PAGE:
Negotiation is the process of discussion between two or more disputants, who seek to find a solution to a common problem, one that meets their needs and interests acceptably. Learning to be a skilled negotiator can help you make deals, solve problems, manage conflict, and preserve relationships. Negotiation strategies, techniques and tips can be found in our Negotiation Newsletter and skills are taught in our Executive Education programs and graduate programs.
To reach agreement, negotiators sometimes postpone the resolution of certain issues until a later date. We look at how this practice plays out in the real world. Remember the federal debt ceiling talks? In mid-2011, congressional Republicans insisted on significant spending reductions from their Democratic counterparts in exchange for voting to raise the nation’s debt … Read More
The prospect of sharing information with a negotiating counterpart can be scary. Share too much, and the other side might conclude that you’re desperate to make a deal, any deal. There’s also the risk of giving away privileged information that your counterpart could use against you. A careful analysis of the pros and cons of … Read More
Imagine that after some negative experiences at the bargaining table, you’ve started to worry that you simply don’t have the right personality to be a great negotiator. The other party always seems to get the upper hand, and you can’t manage to come away with a favorable deal. What can you do to improve, or … Read More
Advice seeking inherently employs multiple self-presentation tactics (including ingratiation, self-promotion, and supplication), it allows us to improve both our competence and our likability. Think about the last time someone asked you for advice. How did you respond? You probably had at least one of these reactions: … Read More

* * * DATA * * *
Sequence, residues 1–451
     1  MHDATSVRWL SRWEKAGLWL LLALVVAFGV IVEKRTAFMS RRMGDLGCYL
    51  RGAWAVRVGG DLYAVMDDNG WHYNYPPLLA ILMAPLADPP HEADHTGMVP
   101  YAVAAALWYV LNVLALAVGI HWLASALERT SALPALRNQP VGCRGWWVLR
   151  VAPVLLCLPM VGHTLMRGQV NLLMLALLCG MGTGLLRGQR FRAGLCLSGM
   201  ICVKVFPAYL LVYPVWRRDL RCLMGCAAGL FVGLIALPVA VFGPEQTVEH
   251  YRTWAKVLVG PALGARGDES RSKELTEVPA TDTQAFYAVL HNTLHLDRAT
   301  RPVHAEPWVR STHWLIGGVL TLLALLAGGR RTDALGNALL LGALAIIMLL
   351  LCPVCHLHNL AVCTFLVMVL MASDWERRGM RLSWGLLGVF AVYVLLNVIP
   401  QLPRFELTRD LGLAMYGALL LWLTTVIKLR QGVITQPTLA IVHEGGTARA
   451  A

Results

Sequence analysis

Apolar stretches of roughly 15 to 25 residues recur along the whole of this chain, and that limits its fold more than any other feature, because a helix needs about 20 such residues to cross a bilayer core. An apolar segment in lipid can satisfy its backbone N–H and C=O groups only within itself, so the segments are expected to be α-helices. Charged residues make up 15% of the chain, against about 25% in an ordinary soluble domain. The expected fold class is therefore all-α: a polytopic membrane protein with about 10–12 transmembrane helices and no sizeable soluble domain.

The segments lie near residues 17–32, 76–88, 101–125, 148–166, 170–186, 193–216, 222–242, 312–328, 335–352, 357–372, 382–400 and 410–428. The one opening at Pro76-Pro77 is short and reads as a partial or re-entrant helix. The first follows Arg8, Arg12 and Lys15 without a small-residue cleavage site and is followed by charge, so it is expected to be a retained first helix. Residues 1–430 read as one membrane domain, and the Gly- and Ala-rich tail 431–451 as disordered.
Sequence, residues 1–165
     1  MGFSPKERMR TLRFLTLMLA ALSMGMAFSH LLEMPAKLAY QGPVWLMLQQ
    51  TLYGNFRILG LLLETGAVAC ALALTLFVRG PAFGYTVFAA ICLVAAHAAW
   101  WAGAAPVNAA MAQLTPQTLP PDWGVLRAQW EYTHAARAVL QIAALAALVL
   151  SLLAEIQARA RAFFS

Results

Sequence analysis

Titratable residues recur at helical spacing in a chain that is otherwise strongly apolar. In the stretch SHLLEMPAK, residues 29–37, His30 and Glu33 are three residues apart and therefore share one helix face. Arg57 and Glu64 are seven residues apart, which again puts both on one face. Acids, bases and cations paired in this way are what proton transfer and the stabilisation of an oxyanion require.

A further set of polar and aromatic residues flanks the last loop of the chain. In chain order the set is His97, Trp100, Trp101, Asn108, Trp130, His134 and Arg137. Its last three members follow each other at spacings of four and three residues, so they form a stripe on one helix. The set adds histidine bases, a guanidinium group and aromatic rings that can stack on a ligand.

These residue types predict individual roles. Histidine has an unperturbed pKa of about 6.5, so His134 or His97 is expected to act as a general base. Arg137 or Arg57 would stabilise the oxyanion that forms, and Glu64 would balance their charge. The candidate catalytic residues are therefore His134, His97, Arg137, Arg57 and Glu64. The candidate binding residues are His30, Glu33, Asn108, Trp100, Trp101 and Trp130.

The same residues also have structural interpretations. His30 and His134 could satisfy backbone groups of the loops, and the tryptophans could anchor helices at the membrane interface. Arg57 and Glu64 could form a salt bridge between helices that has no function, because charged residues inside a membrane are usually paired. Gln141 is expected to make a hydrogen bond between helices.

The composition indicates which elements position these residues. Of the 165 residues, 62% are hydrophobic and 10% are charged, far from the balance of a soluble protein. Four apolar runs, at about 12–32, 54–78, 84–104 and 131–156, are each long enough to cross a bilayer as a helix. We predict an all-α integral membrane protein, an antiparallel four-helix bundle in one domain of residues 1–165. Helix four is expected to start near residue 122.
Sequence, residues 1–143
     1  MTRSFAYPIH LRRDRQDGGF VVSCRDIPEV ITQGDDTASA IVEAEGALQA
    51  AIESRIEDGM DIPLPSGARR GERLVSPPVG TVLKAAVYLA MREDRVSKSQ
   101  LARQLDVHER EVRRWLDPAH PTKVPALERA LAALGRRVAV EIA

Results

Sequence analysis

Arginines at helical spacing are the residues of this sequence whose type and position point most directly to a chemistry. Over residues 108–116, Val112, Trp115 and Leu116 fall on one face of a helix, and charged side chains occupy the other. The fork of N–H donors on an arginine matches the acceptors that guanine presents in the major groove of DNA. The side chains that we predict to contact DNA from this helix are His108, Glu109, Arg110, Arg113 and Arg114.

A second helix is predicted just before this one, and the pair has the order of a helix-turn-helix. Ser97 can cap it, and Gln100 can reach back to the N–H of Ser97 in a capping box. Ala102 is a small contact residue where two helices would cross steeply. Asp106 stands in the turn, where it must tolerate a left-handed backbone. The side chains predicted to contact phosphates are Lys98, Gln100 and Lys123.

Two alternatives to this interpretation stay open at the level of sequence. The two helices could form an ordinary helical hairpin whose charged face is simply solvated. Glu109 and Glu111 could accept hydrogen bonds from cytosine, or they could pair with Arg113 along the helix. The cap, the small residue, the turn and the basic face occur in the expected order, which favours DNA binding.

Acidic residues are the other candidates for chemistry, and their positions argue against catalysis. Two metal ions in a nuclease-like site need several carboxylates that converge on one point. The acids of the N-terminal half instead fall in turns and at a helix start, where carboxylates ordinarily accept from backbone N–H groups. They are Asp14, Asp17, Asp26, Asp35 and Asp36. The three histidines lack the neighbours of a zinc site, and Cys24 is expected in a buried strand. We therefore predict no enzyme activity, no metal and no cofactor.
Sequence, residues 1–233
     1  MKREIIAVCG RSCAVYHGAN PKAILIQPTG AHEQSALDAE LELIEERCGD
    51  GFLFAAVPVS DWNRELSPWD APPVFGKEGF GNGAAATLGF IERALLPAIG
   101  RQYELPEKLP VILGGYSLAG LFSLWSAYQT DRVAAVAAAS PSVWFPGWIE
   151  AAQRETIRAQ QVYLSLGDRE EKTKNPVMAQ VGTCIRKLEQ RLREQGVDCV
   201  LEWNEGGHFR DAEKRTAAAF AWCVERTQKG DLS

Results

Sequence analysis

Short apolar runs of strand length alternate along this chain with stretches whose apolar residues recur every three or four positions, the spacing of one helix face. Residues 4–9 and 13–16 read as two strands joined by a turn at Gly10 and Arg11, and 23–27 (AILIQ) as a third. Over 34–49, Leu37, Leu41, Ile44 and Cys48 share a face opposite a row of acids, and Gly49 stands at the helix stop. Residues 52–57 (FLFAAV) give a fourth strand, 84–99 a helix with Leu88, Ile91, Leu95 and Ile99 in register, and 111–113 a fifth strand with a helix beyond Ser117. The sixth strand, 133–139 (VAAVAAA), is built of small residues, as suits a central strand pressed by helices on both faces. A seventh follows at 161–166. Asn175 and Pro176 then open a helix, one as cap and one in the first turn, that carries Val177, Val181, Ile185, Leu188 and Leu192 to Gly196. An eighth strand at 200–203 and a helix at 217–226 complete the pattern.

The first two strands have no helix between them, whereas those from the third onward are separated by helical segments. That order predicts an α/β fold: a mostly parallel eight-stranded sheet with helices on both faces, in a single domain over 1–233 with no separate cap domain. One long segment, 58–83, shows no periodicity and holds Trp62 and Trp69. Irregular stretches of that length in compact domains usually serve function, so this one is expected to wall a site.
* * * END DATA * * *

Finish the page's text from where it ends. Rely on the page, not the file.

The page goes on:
A new research study confirms what many of us have suspected: anxiety about a negotiation is likely to work against you. Researchers Alison Wood Brooks and Maurice E. Schweitzer of the Wharton School at the University of Pennsylvania have taken a first look at whether anxiety affects negotiators’ outcomes. In three experiments, the researchers induced … Read More
If you’ve ever come away from a negotiation asking questions like this, poor communication may be to blame, write Roger Fisher, William Ury, and Bruce Patton in their landmark book, Getting to Yes: Negotiating Agreement Without Giving In (2nd Ed., Penguin Books, 1991). … Read More
During the NBA’s 2011 lockout, NBA commissioner David Stern’s arbitrary deadlines may have done more harm than good. But he had more luck with an arbitrary deadline during the league’s previous lockout, which whittled the 1998–1999 NBA season down to 50 games per team, as Don A. Moore explained in a 2004 article for Negotiation. … Read More
Robert Kraft, owner of the New England Patriots, was by all accounts a major factor in getting the NFL collective bargaining agreement signed earlier this week. To do so, Kraft employed four key negotiation tactics to help the players and owners come to a “win-win” solution. … Read More
In business negotiations, threats can be fraught with risk. There is the risk that a threat will escalate conflict. There is the risk that a threat will motivate a desire for revenge. And then there is the risk that your threat will work perfectly, but you’ll be unprepared for the aftermath.
Understanding how to arrange the meeting space is a key aspect of preparing for negotiation. In this video, Professor Guhan Subramanian discusses a real world example of how seating arrangements can influence a negotiator’s success. This discussion was held at the 3 day executive education workshop for senior executives at the Program on Negotiation at Harvard Law School.
Guhan Subramanian is the Professor of Law and Business at the Harvard Law School and Professor of Business Law at the Harvard Business School.